During my search for low impact dental floss during our most recent Month Less Plastic, I had a few simple requirements: no virgin petroleum plastic packaging, no plastic or petroleum-derived components in the floss itself, and affordable.
I checked our local natural foods market and found dental floss made from silk in a technically recyclable plastic package that’s not recyclable where I live. I was tempted to buy it since it was an improvement over the floss we’d been using that was packaged in plastic and made from nylon fibers (nylon is a synthetic product made from petroleum). Alas, it was expensive, much more per foot than what I had budgeted for floss.
Luckily, I checked one more store, our local Rite Aid drug store. There, alongside the plastic bags of plastic floss picks holding synthetic floss, and the plastic blister packages of plastic boxes holding synthetic floss, I found a cheerful paper box of The Natural Dentist Stim-U-Dent Thin Plaque Removers. The box said “can be used as an alternative or as a supplement to daily flossing.” I thought we might as well give these rather fancy toothpicks a try.
They’re mint-flavored wooden sticks with one flat side and one tapered to a point, thin enough to fit between teeth at the gum line. I tracked down the company website at home and read more: They’re made from basswood from managed US forests (although the wood is shipped to China for processing), they carry the American Dental Association Seal of Acceptance. They are “clinically proven to fight gingivitis by removing plaque from between teeth. Clinical studies support a 52% improvement in gingival health! Better than floss!” I was feeling relatively excited, could this really work? Sustainably grown, biodegradable wood plaque removers that come in entirely plastic-free, recyclable (even compostable) paper packaging, be still my plastic-free heart!
Yes, my search for plastic-free dental floss had a happy ending. Granted, I didn’t find floss, but something that works just as well, so far as I can tell. My kids love them – The directions specify that you must “moisten thoroughly in mouth”, and they adore that part, a bit of sucking on a minty pick. Yes, they’re different from floss, but so long as I help the kids with theirs (just like I helped them with their synthetic floss), we all go to bed with clean teeth, all the way ’round.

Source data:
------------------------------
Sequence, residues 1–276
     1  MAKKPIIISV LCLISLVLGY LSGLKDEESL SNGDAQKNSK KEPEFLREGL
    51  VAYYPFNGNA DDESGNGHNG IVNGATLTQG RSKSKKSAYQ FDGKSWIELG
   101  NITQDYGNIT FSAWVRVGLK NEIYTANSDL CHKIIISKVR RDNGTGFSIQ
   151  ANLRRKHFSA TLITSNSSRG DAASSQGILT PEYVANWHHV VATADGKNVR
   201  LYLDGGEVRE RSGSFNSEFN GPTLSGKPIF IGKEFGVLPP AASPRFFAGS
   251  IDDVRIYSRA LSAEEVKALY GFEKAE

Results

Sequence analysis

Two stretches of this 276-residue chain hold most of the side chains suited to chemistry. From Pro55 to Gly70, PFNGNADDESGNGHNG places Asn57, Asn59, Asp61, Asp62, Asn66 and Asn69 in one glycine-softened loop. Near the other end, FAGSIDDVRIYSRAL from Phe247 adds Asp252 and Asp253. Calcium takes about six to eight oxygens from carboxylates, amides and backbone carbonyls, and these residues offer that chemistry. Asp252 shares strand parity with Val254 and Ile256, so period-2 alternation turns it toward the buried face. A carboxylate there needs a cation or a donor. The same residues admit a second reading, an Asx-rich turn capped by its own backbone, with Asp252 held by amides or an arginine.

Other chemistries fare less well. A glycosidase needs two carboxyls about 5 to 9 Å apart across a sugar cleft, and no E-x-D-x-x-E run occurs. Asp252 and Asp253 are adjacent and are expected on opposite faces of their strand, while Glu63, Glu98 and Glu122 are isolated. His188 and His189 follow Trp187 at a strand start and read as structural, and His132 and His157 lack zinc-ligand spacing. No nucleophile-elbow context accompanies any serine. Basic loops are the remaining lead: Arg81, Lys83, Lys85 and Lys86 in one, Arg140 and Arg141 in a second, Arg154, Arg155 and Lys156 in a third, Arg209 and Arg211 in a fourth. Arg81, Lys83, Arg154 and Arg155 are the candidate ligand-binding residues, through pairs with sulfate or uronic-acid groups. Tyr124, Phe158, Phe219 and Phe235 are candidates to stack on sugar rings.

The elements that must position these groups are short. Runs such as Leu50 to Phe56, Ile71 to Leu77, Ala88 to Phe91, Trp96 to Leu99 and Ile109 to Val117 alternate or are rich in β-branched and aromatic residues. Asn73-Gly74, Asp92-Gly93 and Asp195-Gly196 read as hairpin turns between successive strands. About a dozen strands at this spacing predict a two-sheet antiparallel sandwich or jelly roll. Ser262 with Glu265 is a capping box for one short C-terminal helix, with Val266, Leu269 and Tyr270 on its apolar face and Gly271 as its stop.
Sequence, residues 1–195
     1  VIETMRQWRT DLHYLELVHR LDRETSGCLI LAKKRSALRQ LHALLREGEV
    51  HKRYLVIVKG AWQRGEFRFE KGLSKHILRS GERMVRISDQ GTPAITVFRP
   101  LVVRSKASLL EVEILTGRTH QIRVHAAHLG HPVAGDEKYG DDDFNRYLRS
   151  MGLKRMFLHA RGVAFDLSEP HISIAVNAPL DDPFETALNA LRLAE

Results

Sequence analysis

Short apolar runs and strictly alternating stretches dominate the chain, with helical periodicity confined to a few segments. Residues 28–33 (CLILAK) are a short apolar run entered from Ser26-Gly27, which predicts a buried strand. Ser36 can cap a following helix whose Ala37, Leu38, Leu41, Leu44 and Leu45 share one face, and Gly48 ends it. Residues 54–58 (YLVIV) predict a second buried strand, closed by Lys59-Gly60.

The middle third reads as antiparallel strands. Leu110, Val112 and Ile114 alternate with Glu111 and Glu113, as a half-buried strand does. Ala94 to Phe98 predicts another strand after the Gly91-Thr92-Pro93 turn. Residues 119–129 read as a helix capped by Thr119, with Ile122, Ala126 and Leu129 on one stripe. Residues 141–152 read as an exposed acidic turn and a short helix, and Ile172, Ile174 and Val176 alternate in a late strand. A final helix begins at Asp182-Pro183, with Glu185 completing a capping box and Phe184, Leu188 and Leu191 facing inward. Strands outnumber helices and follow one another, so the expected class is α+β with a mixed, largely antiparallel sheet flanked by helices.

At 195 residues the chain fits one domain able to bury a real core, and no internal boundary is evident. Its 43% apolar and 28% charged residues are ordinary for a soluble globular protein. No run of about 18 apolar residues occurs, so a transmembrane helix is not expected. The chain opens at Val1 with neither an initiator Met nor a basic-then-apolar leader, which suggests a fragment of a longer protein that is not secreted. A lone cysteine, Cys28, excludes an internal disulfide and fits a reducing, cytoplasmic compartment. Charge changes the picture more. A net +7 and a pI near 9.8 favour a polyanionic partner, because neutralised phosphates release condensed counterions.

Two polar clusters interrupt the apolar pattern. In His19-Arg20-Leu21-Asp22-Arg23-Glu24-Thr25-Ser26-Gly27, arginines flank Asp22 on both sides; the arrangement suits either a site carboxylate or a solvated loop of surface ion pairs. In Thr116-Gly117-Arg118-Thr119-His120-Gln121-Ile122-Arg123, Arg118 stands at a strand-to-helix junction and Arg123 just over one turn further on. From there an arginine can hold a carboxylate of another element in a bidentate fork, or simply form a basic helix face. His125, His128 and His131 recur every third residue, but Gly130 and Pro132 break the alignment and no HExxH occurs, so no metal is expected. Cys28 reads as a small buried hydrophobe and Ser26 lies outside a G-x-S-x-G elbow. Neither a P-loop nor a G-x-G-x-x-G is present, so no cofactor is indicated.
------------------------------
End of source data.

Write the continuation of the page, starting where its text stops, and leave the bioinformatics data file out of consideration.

Don’t toss out those plastic boxes from your synthetic dental floss, though. Now that I don’t have them coming into my life, I’ve learned you can use them for all sorts of things, and I’m always happy to divert any I come across. Instead of sending them to your local landfill or incinerator, they make perfect cases for all sorts of things:
- Corral the bobby pins, barettes, and small hair bands in your purse in one.
- Stash your spare change, bus or subway tokens in one.
- A condom fits perfectly inside an empty dental floss box for discreet transport.
- Fill one with wooden matches and add a piece of sandpaper as a striking plate for a plastic-free alternative to single-use lighters.
- Make your own traveling sewing kit. Keep the plastic spool assembly so you can wrap thread around the spool and snip it with the metal floss cutter on top. I fit three colors of thread onto one spool, thread the ends through the top together, then pull on just the one I need. I lay needles, safety pins, and thin buttons across the bottom and balance larger buttons on top of the thread spool when I slide it back into place.
What about you? Have you found a plastic-free way to floss your teeth, perhaps one with a lower carbon footprint than mine (all that shipping wood to China and back to the US adds up)? A favorite use for empty plastic dental floss cases? Please do tell.
Full Disclosure: I am not affiliated in any way with Stim-U-Dent. I just like them and pay my own money to use them.